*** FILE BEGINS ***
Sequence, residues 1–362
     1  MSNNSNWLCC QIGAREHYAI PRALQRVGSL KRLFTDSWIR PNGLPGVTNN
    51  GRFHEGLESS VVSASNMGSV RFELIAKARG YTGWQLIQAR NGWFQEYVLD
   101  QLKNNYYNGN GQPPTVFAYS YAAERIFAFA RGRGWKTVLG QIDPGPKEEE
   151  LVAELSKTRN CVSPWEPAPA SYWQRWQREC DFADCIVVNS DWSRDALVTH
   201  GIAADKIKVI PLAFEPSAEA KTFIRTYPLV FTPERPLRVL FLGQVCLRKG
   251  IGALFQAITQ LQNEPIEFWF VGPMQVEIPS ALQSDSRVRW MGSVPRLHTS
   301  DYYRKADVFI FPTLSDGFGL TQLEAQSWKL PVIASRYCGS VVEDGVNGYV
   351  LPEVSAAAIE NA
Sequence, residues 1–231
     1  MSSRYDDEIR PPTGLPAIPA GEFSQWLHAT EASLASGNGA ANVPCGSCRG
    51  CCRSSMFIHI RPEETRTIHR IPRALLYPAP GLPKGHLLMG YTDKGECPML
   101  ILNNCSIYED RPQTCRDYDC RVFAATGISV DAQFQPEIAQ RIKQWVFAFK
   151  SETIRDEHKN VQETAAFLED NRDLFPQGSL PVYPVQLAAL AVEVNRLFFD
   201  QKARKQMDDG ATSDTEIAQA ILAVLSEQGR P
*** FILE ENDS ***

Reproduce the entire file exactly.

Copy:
Sequence, residues 1–362
     1  MSNNSNWLCC QIGAREHYAI PRALQRVGSL KRLFTDSWIR PNGLPGVTNN
    51  GRFHEGLESS VVSASNMGSV RFELIAKARG YTGWQLIQAR NGWFQEYVLD
   101  QLKNNYYNGN GQPPTVFAYS YAAERIFAFA RGRGWKTVLG QIDPGPKEEE
   151  LVAELSKTRN CVSPWEPAPA SYWQRWQREC DFADCIVVNS DWSRDALVTH
   201  GIAADKIKVI PLAFEPSAEA KTFIRTYPLV FTPERPLRVL FLGQVCLRKG
   251  IGALFQAITQ LQNEPIEFWF VGPMQVEIPS ALQSDSRVRW MGSVPRLHTS
   301  DYYRKADVFI FPTLSDGFGL TQLEAQSWKL PVIASRYCGS VVEDGVNGYV
   351  LPEVSAAAIE NA
Sequence, residues 1–231
     1  MSSRYDDEIR PPTGLPAIPA GEFSQWLHAT EASLASGNGA ANVPCGSCRG
    51  CCRSSMFIHI RPEETRTIHR IPRALLYPAP GLPKGHLLMG YTDKGECPML
   101  ILNNCSIYED RPQTCRDYDC RVFAATGISV DAQFQPEIAQ RIKQWVFAFK
   151  SETIRDEHKN VQETAAFLED NRDLFPQGSL PVYPVQLAAL AVEVNRLFFD
   201  QKARKQMDDG ATSDTEIAQA ILAVLSEQGR P